...my impulse to back-blog and catch up on any number of useful blog topics would be divine.
Also, I don't and so it's not.
So rather than weighing in on the weighty hot topics of the moment, let me weigh in on one weighty oft-hot topic that slips in and out of primary focus in the American mind: health care.
In brief, a good article at Slate argues that, gee, this is another case where market competition can drive extremely bad results without careful, careful planning. The point the authors make in this article is that, without restraint and (government) involvement, the health care industry would naturally and has become a competition not for best health outcomes, but for most lucrative patients -- those illnesses with the highest profit margin. So, apparently, cancer is a winner, even though diabetes may kill you just as dead, it's a B-list malady. And commonplace emergency room problems? Hypertension? General medicine? Please -- Kathy Griffin don't have nothing on them.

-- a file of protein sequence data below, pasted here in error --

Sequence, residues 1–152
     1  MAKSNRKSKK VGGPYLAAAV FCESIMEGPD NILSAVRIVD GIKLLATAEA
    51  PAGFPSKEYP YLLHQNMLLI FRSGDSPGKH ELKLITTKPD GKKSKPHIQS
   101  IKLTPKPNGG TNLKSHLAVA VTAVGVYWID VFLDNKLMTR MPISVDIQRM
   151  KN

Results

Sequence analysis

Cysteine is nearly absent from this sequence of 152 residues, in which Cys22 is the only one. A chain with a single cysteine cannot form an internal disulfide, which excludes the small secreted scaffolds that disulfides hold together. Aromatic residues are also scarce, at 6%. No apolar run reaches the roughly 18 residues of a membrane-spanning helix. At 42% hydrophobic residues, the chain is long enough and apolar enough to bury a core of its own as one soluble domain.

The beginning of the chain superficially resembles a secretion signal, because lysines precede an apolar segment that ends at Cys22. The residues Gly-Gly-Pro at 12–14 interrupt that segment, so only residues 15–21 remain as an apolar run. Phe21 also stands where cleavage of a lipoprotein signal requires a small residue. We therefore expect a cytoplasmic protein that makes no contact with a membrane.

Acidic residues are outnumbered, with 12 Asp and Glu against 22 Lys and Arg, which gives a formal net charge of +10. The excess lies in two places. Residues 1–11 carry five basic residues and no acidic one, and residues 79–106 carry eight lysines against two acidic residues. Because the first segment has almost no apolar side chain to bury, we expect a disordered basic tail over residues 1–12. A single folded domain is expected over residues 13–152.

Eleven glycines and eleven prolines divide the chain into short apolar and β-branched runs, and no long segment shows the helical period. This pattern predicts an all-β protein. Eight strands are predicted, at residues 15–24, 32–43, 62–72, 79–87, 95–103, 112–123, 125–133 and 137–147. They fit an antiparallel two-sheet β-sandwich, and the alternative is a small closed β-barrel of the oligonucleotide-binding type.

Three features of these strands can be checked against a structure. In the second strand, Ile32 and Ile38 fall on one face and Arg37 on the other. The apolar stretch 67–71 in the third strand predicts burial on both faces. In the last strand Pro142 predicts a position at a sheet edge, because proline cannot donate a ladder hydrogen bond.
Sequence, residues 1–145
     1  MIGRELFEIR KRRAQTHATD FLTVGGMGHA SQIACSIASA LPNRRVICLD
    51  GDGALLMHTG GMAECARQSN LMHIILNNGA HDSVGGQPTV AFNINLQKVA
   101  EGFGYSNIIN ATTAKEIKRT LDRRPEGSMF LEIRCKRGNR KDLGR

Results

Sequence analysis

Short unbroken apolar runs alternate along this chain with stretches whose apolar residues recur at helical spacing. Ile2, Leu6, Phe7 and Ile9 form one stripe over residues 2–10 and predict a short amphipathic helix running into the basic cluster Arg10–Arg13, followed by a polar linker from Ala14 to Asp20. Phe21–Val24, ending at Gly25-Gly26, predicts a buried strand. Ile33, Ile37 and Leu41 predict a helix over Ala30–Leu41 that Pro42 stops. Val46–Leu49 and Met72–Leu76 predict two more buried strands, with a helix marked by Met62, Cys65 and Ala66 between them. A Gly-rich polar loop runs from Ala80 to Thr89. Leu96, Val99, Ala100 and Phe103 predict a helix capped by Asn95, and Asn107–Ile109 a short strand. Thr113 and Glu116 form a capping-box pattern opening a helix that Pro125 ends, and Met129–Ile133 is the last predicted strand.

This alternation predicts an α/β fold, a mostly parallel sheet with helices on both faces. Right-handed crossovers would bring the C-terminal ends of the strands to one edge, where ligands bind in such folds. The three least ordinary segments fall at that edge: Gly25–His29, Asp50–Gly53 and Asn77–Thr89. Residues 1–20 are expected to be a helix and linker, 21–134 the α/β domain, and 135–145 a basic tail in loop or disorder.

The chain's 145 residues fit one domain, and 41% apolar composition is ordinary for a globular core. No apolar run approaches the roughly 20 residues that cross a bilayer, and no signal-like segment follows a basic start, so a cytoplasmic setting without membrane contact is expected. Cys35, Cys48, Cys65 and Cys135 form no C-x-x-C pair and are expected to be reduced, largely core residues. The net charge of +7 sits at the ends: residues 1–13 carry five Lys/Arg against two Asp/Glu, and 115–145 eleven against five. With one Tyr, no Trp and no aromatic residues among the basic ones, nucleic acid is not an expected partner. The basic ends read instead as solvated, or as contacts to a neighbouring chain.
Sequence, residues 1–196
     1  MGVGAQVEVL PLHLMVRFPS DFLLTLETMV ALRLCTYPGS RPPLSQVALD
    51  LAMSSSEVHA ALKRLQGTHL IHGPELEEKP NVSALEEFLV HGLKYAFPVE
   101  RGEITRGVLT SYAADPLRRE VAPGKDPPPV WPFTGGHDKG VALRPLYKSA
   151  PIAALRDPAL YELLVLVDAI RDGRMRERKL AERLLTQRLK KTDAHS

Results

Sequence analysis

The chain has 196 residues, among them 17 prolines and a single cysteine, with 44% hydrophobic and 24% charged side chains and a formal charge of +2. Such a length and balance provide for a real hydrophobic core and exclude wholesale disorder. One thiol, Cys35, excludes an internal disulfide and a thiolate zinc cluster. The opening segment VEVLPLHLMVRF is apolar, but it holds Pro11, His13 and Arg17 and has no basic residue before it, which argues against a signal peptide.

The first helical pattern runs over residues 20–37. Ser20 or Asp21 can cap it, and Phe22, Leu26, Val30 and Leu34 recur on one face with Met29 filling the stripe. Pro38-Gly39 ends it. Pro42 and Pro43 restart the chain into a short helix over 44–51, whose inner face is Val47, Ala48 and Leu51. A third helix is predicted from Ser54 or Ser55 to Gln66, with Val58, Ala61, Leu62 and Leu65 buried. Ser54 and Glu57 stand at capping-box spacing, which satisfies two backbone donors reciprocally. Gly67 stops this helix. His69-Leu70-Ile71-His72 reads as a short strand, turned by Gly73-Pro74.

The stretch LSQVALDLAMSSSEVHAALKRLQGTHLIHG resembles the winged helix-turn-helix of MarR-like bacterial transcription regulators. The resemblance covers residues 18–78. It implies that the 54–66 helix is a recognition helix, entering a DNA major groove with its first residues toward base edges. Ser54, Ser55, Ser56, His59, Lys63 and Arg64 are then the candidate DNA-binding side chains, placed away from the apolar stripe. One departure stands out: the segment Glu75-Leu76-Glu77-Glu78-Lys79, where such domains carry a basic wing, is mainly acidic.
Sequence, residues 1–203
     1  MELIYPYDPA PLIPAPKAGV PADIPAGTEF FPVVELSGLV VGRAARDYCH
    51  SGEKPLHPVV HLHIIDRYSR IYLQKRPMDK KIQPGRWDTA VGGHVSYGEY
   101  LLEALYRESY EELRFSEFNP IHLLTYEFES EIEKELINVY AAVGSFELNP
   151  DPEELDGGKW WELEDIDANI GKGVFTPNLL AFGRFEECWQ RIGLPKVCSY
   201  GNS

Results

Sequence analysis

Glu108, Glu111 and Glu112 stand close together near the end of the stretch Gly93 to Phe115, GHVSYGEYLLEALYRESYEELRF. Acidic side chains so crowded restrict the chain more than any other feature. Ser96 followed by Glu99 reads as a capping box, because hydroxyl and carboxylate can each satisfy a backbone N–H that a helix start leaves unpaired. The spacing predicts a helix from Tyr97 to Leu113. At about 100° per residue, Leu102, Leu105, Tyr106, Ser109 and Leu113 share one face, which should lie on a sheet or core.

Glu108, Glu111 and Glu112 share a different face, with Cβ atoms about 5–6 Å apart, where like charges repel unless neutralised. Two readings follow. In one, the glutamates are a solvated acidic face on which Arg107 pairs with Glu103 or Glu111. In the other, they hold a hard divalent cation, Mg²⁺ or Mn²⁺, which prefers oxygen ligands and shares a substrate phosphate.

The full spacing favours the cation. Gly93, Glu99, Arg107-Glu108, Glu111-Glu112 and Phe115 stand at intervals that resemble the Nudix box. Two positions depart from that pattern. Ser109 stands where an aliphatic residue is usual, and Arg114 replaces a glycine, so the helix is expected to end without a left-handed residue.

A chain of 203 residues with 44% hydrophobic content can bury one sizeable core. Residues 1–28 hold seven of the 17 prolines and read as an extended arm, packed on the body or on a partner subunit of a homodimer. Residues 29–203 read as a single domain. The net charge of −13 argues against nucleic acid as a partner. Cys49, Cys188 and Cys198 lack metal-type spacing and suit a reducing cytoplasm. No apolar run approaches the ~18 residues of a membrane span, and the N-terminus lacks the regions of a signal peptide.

"The market" as the Fourth member of the Holy Christian Trinity (Father, Son, Holy Ghost, and Invisible Hand) seems to be fading fast... hopefully, it will be weak enough soon that, as an ideology, we can drive a stake through its heart.
As my graduate advisor said a class he teaches each year, (to paraphrase) "Markets exist and are good at certain things. It is pure faith, an ideology, to say that it is good at all things and always yields the correct answers -- treating it as an omniscient and omnipotent force is no different than religion, and is not a scientific approach."
Those TED audiences expect to be entertained
5 hours ago